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Roku: By 2024, 50% of US homes will cut the cord

By February 14, 2020 No Comments

It’s not surprising news that people are cutting the cord in droves. AT&T lost a million paid TV customers in the fourth quarter of 2019 alone. But if a prediction from a top industry executive holds true, we may soon see a big tipping point – a time where more people don’t subscribe to cable than do.

Speaking on the future on the television industry, Roku CEO Anthony Wood wrote this in a letter to investors: “We have now entered the streaming decade when we believe consumers around the world will choose streaming as their primary way of viewing TV,” he wrote. New services and established services that sink money into original content are driving more and more viewers away from traditional pay TV.

By the year 2024, he predicted, a full 50% of homes in the United States will either have either cut cable or never had it at all.

What’s the cause? For most people, it’s simply price. But for others, it’s the fact that there are so many streaming options available today, there’s something for almost any taste.

You can get a cable-like bundle of more than 100 live channels like YouTube TV and Sling, you can select from dozens of paid on-demand services like Netflix and Hulu, or you can take advantage of completely free streaming services with smaller selections like Tubi and Pluto. Whether you want to keep up with the latest hit shows or just have the TV on as background noise, you can find an option that’s just right at a fraction of the cable price.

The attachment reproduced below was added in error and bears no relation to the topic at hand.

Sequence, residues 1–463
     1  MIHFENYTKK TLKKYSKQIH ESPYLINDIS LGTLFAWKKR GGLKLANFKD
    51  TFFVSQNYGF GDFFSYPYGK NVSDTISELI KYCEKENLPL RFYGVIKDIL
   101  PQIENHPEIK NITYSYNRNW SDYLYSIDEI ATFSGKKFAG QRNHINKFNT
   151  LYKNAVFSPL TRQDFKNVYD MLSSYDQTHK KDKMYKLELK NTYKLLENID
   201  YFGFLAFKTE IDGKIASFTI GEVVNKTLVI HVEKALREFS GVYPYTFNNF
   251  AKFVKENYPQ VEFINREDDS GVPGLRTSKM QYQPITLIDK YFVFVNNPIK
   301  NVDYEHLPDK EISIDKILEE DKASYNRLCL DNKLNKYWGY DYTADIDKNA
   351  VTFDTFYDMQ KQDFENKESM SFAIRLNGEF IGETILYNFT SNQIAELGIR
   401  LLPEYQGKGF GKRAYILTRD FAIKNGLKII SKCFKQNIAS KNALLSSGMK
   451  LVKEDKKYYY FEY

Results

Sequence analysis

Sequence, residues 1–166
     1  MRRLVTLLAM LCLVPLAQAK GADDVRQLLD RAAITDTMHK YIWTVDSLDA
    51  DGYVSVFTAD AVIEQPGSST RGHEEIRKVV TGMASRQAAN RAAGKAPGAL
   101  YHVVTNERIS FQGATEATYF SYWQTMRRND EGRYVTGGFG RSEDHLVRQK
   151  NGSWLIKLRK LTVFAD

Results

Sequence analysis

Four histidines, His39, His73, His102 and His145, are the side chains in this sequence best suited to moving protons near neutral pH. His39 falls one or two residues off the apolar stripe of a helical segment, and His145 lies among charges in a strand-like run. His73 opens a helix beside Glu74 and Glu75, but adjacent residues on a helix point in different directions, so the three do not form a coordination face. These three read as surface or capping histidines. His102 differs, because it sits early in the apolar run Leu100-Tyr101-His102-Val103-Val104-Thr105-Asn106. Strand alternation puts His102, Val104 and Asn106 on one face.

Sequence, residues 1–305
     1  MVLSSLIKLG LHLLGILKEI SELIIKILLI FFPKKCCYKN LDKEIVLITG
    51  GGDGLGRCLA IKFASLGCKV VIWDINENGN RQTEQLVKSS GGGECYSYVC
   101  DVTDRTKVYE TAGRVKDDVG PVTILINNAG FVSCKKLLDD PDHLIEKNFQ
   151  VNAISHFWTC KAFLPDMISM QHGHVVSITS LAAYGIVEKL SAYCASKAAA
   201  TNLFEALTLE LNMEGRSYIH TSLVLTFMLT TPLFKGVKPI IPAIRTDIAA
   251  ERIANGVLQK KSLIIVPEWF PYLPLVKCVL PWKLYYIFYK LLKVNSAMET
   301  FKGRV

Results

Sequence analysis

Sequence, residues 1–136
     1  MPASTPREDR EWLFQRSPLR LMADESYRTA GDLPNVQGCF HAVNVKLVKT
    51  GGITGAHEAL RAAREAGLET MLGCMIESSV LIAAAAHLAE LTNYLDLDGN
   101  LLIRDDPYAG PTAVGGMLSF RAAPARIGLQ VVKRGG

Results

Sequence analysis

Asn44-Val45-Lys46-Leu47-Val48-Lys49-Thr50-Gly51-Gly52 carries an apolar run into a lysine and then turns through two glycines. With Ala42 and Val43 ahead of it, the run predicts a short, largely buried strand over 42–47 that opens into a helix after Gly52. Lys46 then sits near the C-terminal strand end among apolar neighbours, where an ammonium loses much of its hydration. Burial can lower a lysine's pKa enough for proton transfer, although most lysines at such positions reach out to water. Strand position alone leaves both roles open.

Whether or not the big change comes by 2024 remains to be seen, but it’s almost certain to come at some point. If big cable companies want to survive, they have to continue to adapt.

 

 

Artie Beaty

Author Artie Beaty

Artie Beaty is a freelance writer (and unabashed Chicago Cubs fan) from Charlotte, NC. He has almost 15 years experience freelancing. Email him at artiebeaty@streamingobserver.com. Disclosure: Streaming Observer is supported by readers. Articles may contain referral links. For more information, see the disclosure at the bottom of the page.

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